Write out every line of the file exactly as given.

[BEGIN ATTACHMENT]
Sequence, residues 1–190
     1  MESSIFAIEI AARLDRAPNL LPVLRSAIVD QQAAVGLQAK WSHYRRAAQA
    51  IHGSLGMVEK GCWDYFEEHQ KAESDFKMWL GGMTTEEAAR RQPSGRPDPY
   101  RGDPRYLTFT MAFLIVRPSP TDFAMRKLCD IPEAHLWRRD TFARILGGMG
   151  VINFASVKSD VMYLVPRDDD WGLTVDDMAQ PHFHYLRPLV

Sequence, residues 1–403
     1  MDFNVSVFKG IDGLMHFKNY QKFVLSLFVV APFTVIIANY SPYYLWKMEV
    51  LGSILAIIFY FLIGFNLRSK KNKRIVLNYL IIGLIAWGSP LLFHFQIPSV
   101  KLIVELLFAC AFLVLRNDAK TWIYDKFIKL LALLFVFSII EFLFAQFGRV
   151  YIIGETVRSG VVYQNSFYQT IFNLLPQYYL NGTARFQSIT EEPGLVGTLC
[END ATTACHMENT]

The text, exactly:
Sequence, residues 1–190
     1  MESSIFAIEI AARLDRAPNL LPVLRSAIVD QQAAVGLQAK WSHYRRAAQA
    51  IHGSLGMVEK GCWDYFEEHQ KAESDFKMWL GGMTTEEAAR RQPSGRPDPY
   101  RGDPRYLTFT MAFLIVRPSP TDFAMRKLCD IPEAHLWRRD TFARILGGMG
   151  VINFASVKSD VMYLVPRDDD WGLTVDDMAQ PHFHYLRPLV

Sequence, residues 1–403
     1  MDFNVSVFKG IDGLMHFKNY QKFVLSLFVV APFTVIIANY SPYYLWKMEV
    51  LGSILAIIFY FLIGFNLRSK KNKRIVLNYL IIGLIAWGSP LLFHFQIPSV
   101  KLIVELLFAC AFLVLRNDAK TWIYDKFIKL LALLFVFSII EFLFAQFGRV
   151  YIIGETVRSG VVYQNSFYQT IFNLLPQYYL NGTARFQSIT EEPGLVGTLC